Do you run a small business? Wish to improve your brand awareness, generate business leads and attract customers using social media?
In this article, I will cover the social media marketing strategies and tactics that I use as a small business owner, using mostly cheap or free apps and tools.
But first, let us look at some of the challenges faced by small businesses in marketing their brands.
Small Business Marketing Challenges
Unlike large companies or government organisations, small businesses face a number of constraints that are unique to them:
- Lack of Manpower: Most small businesses lack the staff strength and talent pools available in larger organisations
- Lack of Marketing Expertise: Most entrepreneurs start their businesses after they’ve gained proficiency in their desired craft, be it in cake baking, fashion merchandising, accounting, or healthcare. As specialists, however, they may not know basic principles of marketing.
- Highly Operational: There is a lot of daily churn and burn in small businesses, from acquiring customers, sourcing for suppliers, keeping the premises in order, paying the bills to ensuring long-term sustainability
- Excessive Multi Tasking: If you run a start-up or small business, you are probably running everything simultaneously; from HR, finance, operations, logistics to sales and marketing.
- Limited Marketing Budgets: As a small business owner, every dollar and cent counts. While you’ll like to hire the best creative minds money can buy, the reality is that doing so may cost you an arm and a leg. (That doesn’t mean you shouldn’t invest in talent – the question is more of where you should put your money in.)
Against such a backdrop, what can small business owners do?
There are three ways to go about doing this:
- Hire an Advisor: If you find it prohibitive to engage an agency, why not work with a mentor or consultant? Drop us a note if you wish to consider us.
- Learn How To Do It: Equip yourself with the knowledge and skills to master social media marketing. Here’s a good course you can consider.
- Do It Yourself (DIY): Once you’ve gained sufficient skills and knowledge, you can try it out yourself.
If you wish to DIY, you can consider applying this social media marketing tips. They are specifically tailored for small businesses like yours.
#1 Begin With Your Brand Story
To stand out from the crowd, you need to be distinct and memorable. Begin by crafting your own personal brand story, and make it compelling and enchanting.
The best stories follow a plot structure, where the context, characters, conflicts, resolution, and rewards are articulated.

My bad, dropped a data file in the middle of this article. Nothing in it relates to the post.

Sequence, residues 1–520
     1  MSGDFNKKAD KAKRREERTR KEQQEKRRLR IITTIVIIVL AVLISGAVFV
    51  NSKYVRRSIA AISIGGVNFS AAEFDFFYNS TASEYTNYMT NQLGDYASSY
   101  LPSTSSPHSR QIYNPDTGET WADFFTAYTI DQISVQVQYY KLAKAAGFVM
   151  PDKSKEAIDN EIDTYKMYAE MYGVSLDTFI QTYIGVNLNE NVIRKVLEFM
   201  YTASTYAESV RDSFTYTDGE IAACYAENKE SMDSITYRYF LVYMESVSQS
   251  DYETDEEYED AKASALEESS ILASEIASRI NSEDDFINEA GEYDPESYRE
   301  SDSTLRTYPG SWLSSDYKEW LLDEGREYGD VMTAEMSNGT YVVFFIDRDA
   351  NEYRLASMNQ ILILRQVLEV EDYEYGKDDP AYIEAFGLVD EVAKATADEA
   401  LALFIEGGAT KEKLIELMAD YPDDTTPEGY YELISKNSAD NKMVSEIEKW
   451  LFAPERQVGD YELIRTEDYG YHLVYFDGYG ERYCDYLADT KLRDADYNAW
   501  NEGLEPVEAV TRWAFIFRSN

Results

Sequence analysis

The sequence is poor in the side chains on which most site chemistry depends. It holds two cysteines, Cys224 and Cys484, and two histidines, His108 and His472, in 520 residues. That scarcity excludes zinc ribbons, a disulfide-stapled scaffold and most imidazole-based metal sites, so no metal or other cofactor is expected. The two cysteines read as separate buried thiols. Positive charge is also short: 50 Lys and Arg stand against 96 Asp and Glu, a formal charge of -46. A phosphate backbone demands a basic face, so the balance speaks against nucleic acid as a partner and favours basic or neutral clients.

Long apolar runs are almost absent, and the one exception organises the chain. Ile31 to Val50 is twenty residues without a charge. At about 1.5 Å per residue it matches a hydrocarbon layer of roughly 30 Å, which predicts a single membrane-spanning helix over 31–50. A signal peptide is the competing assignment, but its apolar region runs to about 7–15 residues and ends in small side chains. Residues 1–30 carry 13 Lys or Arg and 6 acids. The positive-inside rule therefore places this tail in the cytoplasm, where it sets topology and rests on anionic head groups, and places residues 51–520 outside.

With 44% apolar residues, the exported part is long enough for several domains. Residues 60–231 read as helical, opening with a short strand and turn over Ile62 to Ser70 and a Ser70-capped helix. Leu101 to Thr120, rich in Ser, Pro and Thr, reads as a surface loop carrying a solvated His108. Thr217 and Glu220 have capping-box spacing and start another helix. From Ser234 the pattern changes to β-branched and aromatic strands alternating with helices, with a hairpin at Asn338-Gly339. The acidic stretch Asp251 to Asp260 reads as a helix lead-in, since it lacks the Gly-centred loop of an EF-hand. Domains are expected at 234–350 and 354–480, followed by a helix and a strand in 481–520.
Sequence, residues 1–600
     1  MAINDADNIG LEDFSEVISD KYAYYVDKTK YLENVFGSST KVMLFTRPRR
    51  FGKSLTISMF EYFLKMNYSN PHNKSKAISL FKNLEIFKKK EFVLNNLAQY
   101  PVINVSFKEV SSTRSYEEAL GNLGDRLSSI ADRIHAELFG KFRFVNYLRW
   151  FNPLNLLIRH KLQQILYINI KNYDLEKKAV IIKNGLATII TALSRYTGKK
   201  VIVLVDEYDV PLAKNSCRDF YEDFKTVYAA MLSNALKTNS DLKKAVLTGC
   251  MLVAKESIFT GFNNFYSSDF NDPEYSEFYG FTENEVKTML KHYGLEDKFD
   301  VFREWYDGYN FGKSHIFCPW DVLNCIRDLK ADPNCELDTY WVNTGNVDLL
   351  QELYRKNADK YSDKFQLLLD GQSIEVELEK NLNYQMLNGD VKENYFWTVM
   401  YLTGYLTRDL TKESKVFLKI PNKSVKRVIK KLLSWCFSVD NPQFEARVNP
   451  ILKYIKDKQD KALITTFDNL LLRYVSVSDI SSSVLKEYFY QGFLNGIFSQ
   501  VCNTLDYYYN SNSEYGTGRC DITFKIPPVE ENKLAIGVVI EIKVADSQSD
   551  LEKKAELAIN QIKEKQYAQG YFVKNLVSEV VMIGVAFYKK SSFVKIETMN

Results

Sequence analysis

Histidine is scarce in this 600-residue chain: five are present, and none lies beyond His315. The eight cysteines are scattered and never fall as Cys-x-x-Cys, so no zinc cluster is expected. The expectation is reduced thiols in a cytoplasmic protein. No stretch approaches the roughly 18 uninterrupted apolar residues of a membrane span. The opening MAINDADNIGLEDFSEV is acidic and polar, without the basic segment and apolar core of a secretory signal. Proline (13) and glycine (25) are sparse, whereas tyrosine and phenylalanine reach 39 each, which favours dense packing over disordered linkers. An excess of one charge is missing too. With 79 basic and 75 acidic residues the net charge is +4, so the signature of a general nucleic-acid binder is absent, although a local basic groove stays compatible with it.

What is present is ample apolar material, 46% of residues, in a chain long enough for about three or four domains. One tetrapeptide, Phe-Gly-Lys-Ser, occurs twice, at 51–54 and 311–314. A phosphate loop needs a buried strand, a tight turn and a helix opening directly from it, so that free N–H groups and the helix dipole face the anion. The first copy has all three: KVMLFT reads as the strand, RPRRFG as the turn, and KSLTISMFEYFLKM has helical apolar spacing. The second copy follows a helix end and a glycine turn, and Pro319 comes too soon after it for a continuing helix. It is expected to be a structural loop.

You should also craft your story from your audience’s point of view, and make him or her a part of your tale.
Here’s an example of my own brand story, taken from LinkedIn. That post got me about 15,000 views, 195 likes and about 30 comments.
(Read this post to learn 3 timeless principles in great storytelling.)
#2 Focus on a Profitable Content Niche
The best entrepreneurs are focused on their niches. You know with crystal clarity what your business is all about, and the value which you can bring to your customers.
Likewise, consider the specific topics that you want to narrow down on BEFORE you start your first social media channel.
Ask yourself these questions:
- Are my potential customers interested in this topic?
- Is it relevant to my areas of expertise?
- Would the social media content pieces be useful?
- Would they be shareable? (Here’s how you can make them so.)
- Is it an area that I’m passionate about?
- Can I sustain my pipeline of blog posts, Facebook videos, Instagram photos, and other social media content?
#3 Choose the Right Social Media Platforms
Once you’ve identified your social media niche, you need to consider which platforms to focus on.
Ideally, you should have at least 2 social networks or more so that you can tap traffic from different sources. Here’s a super quick run down of each:
- Facebook is the kingpin here, with over 2 billion users worldwide. As a business, you should set up a Business Page and possibly start a Group to discuss your areas of interest.
- Twitter is more like a broadcast and customer service channel, with 280 characters limiting what you can do here. Naturally, Donald Trump is a whizz at using this, but he may not be the best role model for your small business brand!
- Instagram is the fastest growing social network. Once popular only with teens and youths, this visual-focused mobile-first network works well for fashion, food, travel, fitness, arts, beauty and other aesthetically-focused trades.
- LinkedIn is both a Business to Business (B2B) and professional network. Use this channel if you need to reach out to PMETs.
- YouTube works pretty much like a search engine for videos (its the second largest after Google.) Start a YouTube Channel if you foresee that videos will be a key thing for you.
#4 Schedule Your Content Creation
As a small business owner, you probably have a long laundry list of items to do each day.
The trick to ensuring that you can still produce content and engage with your fans and followers is to schedule it in your calendar.